The moment he throws up the kite into the air you pull the string that shoots it up and the wind catches it. The more string you reel out the higher it rises. Once the kite is air-borne you feel the force of pulling of the string from the reel you are holding. You can maneuver the kite by reeling in and reeling out the string. You can steer the kite the way you want.


Cutting is the Greatest Fun

The greatest fun of kite-flying is to cut the strings of the kites of the others.
Therefore the string is specially treated to make it sharp and abrasive so that your kite string wears out the strings of other kites. The paste of adhesive substances with powder of ground glass is coated on the string.
This paste is called manjha. The manjha string acts like a sandpaper. The game of each kite-flier is to cut the strings of the kites of the others with the string of your own kite by making your kite fly across the other kites. When your kite's string touches your opponent's kite string you let out the string from your reel as much as you can at the high speed until your string does not cut the other string by wearing it out.
The Nepali style of kite-flying is aggressive. The kite-fliers are not just content with flying the kites high up in the sky. They get satisfaction from bringing down the others' kites. Therefore the Nepali kite-fliers like the malay kites though simple they look but they are best designed for strategic purpose of cutting the strings of others' kites.


Chet!

It is fascinating to watch the kite-flying during Dasain. All the roofs of Kathmandu are full of kite-fliers and they jump and shout 'Chet!' when they cut kites of one another. You would see big speakers on the roofs blaring out the greatest hits of Guns and Roses, Metallica, Michael Jackson, Kenny G, Kitaro, Spice Girls, the Hindi and Nepali film songs, the Nepali rock groups and so on.
They dance on the roofs while their friends are busy bringing the others' kites down.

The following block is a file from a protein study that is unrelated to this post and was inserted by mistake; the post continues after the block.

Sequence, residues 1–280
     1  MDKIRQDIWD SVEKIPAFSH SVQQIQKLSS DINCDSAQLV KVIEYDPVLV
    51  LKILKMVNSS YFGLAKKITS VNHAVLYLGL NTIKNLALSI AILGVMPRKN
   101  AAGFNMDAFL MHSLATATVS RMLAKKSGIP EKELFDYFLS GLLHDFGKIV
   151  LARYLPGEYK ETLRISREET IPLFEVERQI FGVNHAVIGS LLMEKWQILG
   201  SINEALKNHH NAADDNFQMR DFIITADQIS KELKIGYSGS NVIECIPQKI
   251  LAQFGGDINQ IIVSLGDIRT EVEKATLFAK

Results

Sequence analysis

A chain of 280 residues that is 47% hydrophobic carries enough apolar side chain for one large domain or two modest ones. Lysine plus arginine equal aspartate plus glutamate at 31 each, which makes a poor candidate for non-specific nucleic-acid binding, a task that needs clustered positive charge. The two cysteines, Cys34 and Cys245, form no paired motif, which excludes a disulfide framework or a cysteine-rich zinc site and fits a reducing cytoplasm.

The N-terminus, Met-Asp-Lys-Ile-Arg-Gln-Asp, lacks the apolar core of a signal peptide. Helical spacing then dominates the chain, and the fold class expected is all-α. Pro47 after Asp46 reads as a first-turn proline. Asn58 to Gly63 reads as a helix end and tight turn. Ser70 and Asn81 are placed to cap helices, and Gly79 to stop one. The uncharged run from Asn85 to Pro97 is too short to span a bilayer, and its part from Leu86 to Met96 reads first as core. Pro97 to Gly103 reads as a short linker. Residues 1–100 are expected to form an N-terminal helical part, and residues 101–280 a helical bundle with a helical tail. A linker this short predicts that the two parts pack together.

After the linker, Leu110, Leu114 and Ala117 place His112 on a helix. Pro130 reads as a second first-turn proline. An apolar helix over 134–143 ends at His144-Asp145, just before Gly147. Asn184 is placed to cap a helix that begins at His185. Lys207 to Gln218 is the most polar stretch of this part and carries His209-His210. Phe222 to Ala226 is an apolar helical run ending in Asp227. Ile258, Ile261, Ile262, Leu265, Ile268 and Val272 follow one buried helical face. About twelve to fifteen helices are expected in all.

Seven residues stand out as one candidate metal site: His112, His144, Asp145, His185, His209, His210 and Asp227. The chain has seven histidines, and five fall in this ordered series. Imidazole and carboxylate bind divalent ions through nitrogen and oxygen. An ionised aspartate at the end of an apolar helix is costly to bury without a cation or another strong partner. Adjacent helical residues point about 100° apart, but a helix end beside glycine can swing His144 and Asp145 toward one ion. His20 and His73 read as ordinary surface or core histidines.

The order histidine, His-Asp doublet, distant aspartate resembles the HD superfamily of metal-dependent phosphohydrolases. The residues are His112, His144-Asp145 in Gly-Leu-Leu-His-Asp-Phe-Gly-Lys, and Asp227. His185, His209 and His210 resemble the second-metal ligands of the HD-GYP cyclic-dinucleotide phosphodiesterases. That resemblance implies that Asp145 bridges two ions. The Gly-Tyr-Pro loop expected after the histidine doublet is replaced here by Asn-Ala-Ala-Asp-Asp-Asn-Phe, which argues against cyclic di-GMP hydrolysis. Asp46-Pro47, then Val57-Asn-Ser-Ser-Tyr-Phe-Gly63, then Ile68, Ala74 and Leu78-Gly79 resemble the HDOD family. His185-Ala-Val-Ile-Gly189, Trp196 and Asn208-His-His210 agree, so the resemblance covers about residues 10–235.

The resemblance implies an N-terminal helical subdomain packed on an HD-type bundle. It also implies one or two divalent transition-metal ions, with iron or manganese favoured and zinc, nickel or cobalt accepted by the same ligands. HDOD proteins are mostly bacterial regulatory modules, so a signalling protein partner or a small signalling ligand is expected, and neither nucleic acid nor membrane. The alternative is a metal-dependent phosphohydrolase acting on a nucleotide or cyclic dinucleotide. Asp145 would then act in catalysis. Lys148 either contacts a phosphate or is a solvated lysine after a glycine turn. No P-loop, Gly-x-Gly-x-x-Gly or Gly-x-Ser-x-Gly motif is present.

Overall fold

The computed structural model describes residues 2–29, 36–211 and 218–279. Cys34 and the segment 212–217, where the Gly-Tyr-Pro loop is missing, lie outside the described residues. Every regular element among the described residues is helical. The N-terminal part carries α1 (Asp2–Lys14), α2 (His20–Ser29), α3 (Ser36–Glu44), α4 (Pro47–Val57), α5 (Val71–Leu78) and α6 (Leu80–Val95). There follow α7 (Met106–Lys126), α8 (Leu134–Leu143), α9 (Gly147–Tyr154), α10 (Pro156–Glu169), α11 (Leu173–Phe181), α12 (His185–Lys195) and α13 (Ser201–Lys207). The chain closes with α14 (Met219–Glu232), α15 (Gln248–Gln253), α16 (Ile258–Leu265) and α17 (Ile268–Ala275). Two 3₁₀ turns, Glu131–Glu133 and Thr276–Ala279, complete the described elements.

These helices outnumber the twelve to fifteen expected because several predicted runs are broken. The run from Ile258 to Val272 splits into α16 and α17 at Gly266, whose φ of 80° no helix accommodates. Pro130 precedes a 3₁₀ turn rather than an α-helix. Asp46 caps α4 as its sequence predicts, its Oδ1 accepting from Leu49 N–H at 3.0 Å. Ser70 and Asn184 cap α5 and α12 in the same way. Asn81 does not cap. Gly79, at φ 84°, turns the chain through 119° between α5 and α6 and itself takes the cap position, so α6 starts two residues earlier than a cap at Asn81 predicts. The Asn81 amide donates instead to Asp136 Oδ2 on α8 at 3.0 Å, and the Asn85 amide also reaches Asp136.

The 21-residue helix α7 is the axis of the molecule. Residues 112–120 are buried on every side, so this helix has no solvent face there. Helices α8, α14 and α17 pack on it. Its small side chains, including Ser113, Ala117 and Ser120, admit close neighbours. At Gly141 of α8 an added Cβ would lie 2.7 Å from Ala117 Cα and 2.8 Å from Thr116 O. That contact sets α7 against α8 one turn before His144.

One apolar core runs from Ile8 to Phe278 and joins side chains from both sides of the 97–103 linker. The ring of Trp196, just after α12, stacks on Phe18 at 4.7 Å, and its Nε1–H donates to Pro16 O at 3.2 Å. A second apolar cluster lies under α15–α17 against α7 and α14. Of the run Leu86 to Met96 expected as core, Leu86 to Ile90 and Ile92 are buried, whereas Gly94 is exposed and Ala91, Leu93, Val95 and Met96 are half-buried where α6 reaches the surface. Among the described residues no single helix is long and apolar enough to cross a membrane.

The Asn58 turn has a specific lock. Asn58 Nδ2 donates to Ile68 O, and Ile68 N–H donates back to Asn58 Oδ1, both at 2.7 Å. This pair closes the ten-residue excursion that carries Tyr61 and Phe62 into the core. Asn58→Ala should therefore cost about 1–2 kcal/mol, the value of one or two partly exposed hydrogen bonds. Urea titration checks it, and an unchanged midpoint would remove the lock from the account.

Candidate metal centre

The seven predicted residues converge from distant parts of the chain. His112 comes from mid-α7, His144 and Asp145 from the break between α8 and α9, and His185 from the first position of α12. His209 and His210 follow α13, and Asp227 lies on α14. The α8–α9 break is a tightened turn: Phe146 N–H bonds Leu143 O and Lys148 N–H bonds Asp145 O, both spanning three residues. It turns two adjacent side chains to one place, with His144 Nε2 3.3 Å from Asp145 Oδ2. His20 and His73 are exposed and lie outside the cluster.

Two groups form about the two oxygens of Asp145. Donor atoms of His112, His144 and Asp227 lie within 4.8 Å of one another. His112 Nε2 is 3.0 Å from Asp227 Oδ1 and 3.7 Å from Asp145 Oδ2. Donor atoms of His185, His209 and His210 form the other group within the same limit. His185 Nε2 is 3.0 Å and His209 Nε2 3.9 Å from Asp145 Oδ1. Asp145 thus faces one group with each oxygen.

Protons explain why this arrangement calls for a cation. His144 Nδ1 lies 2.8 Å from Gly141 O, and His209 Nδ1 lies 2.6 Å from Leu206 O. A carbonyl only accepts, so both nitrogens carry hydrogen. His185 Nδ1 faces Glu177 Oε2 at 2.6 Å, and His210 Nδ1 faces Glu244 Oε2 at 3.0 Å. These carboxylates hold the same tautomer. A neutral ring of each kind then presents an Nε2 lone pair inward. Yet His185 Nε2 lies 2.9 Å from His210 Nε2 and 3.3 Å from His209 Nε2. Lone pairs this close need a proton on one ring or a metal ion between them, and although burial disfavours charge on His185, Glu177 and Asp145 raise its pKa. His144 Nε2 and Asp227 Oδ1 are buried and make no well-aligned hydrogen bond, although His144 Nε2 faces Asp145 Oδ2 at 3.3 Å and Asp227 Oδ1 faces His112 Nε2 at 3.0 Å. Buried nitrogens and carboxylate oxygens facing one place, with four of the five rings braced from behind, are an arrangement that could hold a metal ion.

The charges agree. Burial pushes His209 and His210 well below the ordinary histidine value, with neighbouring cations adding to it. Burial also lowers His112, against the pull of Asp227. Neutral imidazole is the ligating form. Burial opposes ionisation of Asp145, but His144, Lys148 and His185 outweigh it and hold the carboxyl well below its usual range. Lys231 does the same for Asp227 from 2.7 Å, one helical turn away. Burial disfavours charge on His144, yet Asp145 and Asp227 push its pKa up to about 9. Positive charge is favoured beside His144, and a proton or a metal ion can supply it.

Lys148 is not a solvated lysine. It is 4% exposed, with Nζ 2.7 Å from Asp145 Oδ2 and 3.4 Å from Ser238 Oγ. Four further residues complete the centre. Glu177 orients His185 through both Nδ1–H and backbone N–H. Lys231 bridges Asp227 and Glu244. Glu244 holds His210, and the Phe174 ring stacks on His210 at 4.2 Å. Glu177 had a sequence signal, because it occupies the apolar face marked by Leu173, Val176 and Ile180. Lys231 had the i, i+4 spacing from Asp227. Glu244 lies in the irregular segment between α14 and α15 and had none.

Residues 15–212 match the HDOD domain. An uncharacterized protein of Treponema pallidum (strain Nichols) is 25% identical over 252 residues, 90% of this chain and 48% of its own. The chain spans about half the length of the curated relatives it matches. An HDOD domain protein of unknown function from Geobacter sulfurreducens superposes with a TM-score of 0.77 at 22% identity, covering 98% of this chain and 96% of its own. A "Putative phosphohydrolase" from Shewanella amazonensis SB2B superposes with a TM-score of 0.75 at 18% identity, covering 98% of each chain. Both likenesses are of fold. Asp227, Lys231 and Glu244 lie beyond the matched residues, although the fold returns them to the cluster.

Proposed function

Kite-flying Contest

For past fifteen years Nepal-Japan Friendship and Cultural Association under the auspices of the Embassy of Japan has been annually organizing Kite-flying Competition during Dasain.
The competitions include kite-fighting competition and designer kites that reflect the Nepali cultural heritage and Buddhist and Hindu pantheons. These competitions have encouraged a younger generation to make colourful designer kites and participate in the kite-fighting competition.


Kite Exhibition

The Embassy of Japan organized an exhibition of Japanese traditional kites and tops on October 6-15, 1998 at the Embassy Hall, Kathmandu for the first time in Nepal. The exhibition had over 200 colourful kites of different sizes and designs. Japanese kite expert, Mr. Masami Takakuwa of Japan Kite Association led and managed this touring exhibition.
This exhibition provided an opportunity for the Nepali people who are fond of kite-flying to see traditional attractive Japanese kites.


International Kite Festival

Although no international kite festival has been organized in Nepal, two-member Nepali team participated in the 4th International Kite Festival held in Bangkok in l994 and the 9th and 10th Dieppe International Kite Festival held in France in 1996 and 1998. The workshops on making Nepali kites were also organized for school children during the both festivals.